People wearing masks in downtown Los Angeles at Grand Central Market. (Kent Nishimura / Los Angeles Times)

Coronavirus Coverage

Opinion: Lessons from COVID-19 for the next pandemic

Humanity has faced countless illnesses ever since we have appeared on the face of the earth. From the bubonic plague to smallpox to cholera, we have been faced with illnesses time and time again, and mostly, we have been underprepared.  Judging from previous reactions to pandemics and the research presented in the book “Exploring Lessons…
<a href="" target="_self">Grace Yang</a>

Grace Yang

August 8, 2020

Humanity has faced countless illnesses ever since we have appeared on the face of the earth. From the bubonic plague to smallpox to cholera, we have been faced with illnesses time and time again, and mostly, we have been underprepared. 

Judging from previous reactions to pandemics and the research presented in the book “Exploring Lessons Learned from a Century of Outbreaks,” it seems that we are still underprepared for the current novel coronavirus pandemic. 

Many of the important strategies for stopping a pandemic include increased trust between government and individuals, implementation of non-pharmaceutical tactics and the development and expedient administration of vaccines, according to “Century of Outbreaks.” However, currently, the United States is not prepared to fully utilize any of these strategies.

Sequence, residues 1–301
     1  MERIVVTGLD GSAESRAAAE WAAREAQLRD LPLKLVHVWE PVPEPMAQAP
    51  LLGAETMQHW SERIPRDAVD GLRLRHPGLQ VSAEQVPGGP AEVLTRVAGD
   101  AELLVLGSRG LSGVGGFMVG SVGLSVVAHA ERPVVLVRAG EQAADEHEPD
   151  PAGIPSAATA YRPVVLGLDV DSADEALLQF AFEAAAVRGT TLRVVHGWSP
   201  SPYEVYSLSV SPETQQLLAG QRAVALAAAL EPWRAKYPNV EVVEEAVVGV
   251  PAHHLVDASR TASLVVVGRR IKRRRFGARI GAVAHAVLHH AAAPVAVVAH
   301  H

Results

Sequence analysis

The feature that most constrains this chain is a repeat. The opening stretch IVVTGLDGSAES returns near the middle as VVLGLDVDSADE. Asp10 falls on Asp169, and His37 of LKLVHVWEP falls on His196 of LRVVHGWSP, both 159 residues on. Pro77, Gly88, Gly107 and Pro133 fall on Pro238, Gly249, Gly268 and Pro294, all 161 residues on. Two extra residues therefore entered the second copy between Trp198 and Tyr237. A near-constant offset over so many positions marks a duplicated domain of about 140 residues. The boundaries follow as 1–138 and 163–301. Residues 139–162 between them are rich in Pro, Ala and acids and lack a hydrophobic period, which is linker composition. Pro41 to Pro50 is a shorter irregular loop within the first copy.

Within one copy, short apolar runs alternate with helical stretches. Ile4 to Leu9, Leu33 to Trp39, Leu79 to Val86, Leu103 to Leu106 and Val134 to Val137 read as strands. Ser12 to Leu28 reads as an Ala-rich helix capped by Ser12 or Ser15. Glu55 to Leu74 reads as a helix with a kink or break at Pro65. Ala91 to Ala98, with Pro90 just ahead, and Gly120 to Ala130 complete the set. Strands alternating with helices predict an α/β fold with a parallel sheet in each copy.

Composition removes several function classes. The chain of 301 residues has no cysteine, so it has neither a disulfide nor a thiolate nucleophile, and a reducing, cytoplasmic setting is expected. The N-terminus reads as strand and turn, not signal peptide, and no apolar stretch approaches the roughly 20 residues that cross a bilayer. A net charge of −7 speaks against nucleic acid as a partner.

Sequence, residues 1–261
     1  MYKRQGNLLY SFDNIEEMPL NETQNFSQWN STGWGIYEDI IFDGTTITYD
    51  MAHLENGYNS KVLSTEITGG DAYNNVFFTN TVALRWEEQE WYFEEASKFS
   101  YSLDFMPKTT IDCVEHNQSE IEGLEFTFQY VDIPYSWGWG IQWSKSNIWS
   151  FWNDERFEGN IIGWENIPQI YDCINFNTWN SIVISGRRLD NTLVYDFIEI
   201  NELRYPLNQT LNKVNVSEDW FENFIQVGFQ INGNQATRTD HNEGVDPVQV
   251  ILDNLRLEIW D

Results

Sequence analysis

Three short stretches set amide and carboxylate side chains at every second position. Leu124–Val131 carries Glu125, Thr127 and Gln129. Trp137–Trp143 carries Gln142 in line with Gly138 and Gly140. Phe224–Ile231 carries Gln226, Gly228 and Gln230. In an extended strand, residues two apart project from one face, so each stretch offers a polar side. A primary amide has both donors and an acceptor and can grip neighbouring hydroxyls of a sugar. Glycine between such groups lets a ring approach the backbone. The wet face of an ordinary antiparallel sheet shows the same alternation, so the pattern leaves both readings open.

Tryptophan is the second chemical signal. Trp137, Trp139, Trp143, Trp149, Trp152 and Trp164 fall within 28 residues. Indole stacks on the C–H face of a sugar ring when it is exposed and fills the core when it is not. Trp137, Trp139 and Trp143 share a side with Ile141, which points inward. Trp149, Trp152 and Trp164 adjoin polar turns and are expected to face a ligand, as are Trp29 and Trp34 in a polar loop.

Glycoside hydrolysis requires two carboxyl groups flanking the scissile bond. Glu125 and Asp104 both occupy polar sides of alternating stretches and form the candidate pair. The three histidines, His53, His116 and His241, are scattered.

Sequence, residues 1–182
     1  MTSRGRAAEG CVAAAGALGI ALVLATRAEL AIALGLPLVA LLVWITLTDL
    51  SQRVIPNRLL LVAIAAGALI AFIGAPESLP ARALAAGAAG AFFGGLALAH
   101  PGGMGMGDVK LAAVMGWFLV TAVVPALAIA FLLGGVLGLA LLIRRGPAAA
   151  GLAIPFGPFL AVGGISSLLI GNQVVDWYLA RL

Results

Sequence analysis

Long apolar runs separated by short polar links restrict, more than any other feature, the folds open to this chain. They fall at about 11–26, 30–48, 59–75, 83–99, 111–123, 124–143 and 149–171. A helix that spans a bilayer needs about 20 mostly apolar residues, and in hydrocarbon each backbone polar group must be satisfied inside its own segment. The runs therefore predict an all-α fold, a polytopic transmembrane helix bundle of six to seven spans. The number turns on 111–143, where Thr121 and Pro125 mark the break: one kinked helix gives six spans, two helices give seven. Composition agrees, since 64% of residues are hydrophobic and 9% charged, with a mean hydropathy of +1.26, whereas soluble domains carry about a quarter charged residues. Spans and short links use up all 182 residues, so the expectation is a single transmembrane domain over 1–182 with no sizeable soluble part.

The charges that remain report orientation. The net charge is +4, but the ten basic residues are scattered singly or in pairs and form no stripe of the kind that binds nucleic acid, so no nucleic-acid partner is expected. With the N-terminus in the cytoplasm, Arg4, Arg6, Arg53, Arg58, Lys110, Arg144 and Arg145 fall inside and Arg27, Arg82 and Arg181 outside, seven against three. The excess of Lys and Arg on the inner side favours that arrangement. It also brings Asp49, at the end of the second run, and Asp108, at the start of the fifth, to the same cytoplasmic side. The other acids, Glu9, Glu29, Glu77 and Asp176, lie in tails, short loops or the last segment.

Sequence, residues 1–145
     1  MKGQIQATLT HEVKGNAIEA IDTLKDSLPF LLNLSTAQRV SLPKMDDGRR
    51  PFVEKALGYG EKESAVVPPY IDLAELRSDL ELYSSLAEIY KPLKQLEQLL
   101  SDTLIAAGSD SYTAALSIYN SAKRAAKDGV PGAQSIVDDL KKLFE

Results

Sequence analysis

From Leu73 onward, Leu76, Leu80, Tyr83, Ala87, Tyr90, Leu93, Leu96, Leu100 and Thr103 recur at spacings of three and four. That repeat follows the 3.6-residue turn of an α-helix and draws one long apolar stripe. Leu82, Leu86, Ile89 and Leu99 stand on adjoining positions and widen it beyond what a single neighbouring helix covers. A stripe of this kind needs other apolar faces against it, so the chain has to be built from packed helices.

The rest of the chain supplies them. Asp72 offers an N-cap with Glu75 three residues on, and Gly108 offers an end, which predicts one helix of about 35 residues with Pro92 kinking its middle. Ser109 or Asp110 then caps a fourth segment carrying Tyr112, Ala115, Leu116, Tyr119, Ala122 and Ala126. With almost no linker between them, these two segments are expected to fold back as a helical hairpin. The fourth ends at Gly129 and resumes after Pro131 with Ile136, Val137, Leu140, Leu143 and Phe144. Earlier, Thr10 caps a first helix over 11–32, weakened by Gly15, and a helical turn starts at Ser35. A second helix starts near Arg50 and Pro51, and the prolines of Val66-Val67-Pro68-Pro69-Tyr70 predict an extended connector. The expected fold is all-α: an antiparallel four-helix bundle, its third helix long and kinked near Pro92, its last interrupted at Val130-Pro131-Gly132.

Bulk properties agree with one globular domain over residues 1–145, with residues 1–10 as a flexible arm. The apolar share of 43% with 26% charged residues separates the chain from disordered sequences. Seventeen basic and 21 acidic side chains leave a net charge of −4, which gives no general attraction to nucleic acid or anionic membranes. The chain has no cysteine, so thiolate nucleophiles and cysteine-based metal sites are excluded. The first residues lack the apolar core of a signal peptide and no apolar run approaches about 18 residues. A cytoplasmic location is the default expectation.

In the United States, people do not always fully trust the government. If the civilians do not listen out of distrust, then the pandemic will take longer to stop. 

According to “Century of Outbreaks,” community engagement is an important aspect of decreasing panic and chaos during a crisis by utilizing prepared efforts, such as vaccines, and assisting public health officials.

Average citizens can help the leaders of a country with preparedness, but we need to be informed first, which she says is a problem because a lot of communities in the U.S. do not trust the government. 

For example, many citizens do not trust our president or state representative because their views are different from that of the government official. This is prominent in new networks especially, where bias is rife, and a certain sentence or action has different meanings according to different sources. 

Specifically, there is confusion over whether or not we should wear masks. For example, the World Health Organization and the Centers for Disease Control and Prevention recommend the use of masks, but a medical news platform called Medical Xpress mentioned masks and gloves are ineffective against coronavirus, and may even spread infections faster.

As different websites offer different ideas on the subject of masks, people can be confused about what they should do, especially if they do not trust the sites from the government. It is clear that without the trust of the government, or just authority figures in general, pandemics will take much longer to stop, and panic will continue. 

When people trust the government, then non-pharmaceutical tactics can be effectively implemented. Such tactics are not medical procedures but can slow the spread of a virus.